“The searing image of the horse’s body, pointing like a perfect arrow at his target below, seemed to run in slow motion.”
By Cynthia A. Branigan
It was the summer of 1964, and I was 11 years old. While my father was attending the Democratic National Convention being held in Atlantic City, I came to see the diving horse act.
The horses performed at the far end of the Steel Pier, far from the boardwalk, far from ordinary reality. Although it was dark outside, the lights on the pier were blinding. Every sight and sound seemed exaggerated, even grotesque: insistent barkers urging people to take a chance on whatever game they were hosting; the deafening noise of the rides; the piercing pop-pop-bing coming from the shooting gallery; and the announcement “All aboard, all aboard to the bottom of the ocean,” where a diving bell took people a few feet beneath the surface of the Atlantic to its murky bottom.
We arrived just in time for the diving horse’s last performance of the day. A dizzying crisscross of bare light bulbs was strung overhead, but when the act began, they were turned off and spotlights fixed on the horse’s ramp and platform. The horse had been trained to plunge from a height of 40 feet into a 10-foot-deep tank of water. It was an act so unique, and so bizarre, that few visitors to Atlantic City passed up the experience. Even with the carnival atmosphere, the scent of French fries mixed with salt air, the crowd jostling for position, despite all of that, the horse had an allure that eclipsed all human activity beneath him. In my altered state of consciousness, it felt like the ocean itself was breathing as waves drew away, then crashed forward onto the pilings below. A voice boomed from the loudspeaker, “Ladies and gentlemen, prepare yourselves for the thrill of a minute. We present Carver’s Steel Pier High-Diving Horse!” A hush came over the crowd.
Out of the darkness, and off to one side, a gray horse appeared with a handler. The horse was fitted only with a harness. As he and the handler reached the bottom of the carpeted ramp, the handler set loose the horse. There was no hesitation, the horse ran forward. The instant he reached the platform at the top, a helmeted woman in a bathing suit, who I hadn’t noticed before, leapt onto his bare back, leaned into him, and held on to the harness. They became one.
The horse was now in complete control. He could have sailed forward, but seemed in no rush. He was the star and would do things on his terms. He lingered and surveyed the audience, as if taking stock, seeing how many were in the crowd that night, or making sure we were paying attention. He gazed out at the ocean, then back again at the crowd.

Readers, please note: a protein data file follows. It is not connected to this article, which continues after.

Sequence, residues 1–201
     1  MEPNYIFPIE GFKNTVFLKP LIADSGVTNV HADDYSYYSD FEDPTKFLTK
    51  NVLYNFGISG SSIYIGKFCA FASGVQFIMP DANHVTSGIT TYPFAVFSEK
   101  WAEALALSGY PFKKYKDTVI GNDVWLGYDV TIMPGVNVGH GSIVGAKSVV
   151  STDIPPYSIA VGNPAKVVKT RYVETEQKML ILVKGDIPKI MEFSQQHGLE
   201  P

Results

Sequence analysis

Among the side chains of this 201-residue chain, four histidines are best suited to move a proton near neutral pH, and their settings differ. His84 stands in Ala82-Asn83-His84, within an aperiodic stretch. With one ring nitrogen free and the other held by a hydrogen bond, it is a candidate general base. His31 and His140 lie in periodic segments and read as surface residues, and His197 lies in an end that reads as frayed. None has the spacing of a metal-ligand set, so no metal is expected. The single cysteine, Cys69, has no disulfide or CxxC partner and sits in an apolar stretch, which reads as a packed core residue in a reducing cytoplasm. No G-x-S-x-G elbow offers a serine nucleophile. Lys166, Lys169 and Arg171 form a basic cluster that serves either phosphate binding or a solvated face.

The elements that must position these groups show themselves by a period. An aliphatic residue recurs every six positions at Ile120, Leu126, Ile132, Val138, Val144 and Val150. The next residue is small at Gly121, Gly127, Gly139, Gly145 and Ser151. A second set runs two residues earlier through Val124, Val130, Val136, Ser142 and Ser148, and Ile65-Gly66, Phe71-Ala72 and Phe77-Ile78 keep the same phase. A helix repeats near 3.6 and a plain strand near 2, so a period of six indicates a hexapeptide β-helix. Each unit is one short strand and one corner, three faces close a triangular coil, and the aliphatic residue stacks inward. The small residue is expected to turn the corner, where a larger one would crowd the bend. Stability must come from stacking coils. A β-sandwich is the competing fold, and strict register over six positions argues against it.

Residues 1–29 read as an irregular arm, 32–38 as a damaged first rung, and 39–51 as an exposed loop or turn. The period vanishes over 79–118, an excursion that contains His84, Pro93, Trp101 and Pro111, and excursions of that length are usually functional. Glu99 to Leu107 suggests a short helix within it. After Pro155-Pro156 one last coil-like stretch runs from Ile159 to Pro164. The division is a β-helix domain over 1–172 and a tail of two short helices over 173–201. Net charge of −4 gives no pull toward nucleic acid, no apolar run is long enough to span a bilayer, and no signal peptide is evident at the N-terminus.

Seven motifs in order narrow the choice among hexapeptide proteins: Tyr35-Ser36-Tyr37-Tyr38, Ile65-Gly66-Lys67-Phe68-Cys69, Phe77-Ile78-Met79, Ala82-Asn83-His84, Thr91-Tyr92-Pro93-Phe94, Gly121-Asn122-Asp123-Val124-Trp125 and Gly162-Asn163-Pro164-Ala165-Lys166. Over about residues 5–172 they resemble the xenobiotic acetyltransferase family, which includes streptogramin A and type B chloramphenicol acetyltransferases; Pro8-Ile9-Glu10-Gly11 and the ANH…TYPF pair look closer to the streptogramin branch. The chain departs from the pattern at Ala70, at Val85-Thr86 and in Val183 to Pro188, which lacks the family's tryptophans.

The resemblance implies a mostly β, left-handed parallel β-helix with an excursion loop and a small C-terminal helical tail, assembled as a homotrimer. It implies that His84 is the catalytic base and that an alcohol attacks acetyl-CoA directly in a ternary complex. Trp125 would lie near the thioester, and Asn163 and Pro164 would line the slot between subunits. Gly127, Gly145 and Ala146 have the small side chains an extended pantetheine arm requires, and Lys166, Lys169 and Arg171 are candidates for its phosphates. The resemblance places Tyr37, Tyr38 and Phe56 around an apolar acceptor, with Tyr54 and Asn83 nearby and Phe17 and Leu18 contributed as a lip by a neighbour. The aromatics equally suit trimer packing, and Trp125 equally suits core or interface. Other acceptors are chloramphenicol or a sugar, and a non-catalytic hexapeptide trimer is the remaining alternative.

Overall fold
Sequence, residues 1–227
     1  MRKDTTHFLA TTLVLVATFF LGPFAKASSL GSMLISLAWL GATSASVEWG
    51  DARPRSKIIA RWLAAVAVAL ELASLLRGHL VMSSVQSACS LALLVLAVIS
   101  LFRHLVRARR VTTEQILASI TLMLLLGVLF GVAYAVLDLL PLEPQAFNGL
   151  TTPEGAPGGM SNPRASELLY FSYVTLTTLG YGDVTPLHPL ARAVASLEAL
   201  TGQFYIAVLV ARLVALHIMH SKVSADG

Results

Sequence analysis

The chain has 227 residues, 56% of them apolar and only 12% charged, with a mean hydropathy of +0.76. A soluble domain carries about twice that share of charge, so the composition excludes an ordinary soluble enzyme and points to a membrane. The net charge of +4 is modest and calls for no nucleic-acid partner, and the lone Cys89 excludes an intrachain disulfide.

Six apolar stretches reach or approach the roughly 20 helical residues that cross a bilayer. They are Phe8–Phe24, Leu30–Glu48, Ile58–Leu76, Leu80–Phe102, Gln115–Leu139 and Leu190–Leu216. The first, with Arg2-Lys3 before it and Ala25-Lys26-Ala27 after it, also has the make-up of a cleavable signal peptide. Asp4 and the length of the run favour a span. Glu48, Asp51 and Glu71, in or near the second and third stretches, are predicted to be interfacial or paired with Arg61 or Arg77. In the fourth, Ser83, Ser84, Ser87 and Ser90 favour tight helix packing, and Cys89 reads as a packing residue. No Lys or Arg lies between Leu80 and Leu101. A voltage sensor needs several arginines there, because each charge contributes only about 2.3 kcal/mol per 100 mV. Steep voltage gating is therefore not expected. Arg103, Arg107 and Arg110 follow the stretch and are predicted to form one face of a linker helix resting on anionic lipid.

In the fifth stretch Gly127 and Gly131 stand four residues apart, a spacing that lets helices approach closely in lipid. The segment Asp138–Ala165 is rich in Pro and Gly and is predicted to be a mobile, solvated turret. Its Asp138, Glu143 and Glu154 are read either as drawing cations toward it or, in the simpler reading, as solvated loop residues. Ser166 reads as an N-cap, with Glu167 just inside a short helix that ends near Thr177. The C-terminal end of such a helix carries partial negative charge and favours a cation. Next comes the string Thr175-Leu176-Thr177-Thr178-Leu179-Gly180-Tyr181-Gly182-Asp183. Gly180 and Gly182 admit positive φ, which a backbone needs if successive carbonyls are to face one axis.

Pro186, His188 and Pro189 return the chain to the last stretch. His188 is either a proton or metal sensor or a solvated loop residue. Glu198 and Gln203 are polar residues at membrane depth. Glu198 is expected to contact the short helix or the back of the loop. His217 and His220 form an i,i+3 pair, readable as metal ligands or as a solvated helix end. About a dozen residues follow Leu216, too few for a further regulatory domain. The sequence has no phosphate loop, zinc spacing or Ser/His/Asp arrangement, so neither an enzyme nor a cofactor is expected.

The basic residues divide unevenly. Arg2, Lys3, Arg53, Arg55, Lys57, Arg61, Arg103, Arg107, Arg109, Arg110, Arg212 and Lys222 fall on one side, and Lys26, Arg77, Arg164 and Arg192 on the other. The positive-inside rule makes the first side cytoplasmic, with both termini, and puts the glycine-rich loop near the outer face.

Without warning, he kicked off from the platform and soared through the humid night air with precision and dignity. It was a terrifying sight, and an unforgettable one. The dive took but a few seconds; but to me, the searing image of the horse’s body, pointing like a perfect arrow at his target below, seemed to run in slow motion. I was in awe of his taut muscles, his concentration, his willingness to perform. His plunge into the water was flawless.
Once the horse and his rider emerged from the tank, he trotted to an older woman who fed him carrots, while the same man who turned him loose now rubbed him down with towels. The overhead lights came back on, the audience dispersed, and things went back to the way they were. But I had some trouble returning to ordinary reality.
The wind picked up as we left the pier and carried with it the slightest tinge of autumn. It was still summer, of course, deep summer. Yet the breeze contained a new dimension now, a sad, wistful reminder that things would not be this way much longer, that change was coming whether we wanted it or not. I remembered that we were leaving Atlantic City the next day, and not long after that another school year would begin. Soon, the magic would be over.
I closed my eyes and pictured the diving horse, not as he stood on the platform, nor as he emerged triumphant from the tank; but in midair, leaping into the unknown. I did not want the act to end, did not want the summer to end. I wanted only to keep things as they were on that night when I was still a child, when I could still get away with holding my father’s hand, when the Beatles were just hitting their stride and we had not yet chosen Lyndon Johnson as a candidate. But as much as I wanted this, I knew I could not stop time, could not keep the horse suspended in space.
This realization brought on more tears, and my mother asked what was wrong. I did not have words for the emotion, so I told her I was tired, had too much sun. That much was true; but there was more. Something about how I regarded the world was shaken up that night. Some puzzle, beyond the ken of an 11-year-old, had been set before me and would take years to solve.
In 1980, after the spectacle was shuttered, Cynthia Branigan LPS’09 bought the last surviving Atlantic City Steel Pier diving horse at auction, saving it from the slaughterhouse and the carnival circuit. The bond they formed catalyzed a lifelong vocation in animal rescue and caretaking, a journey she recounts in The Last Diving Horse in America: Rescuing Gamal and Other Animals—Lessons in Living and Loving. Excerpted from The Last Diving Horse in America by Cynthia A. Branigan. Published October 19, 2021, by Pantheon, an imprint of the Knopf Doubleday Publishing Group, a division of Penguin Random House LLC. Copyright © 2021 by Cynthia A. Branigan.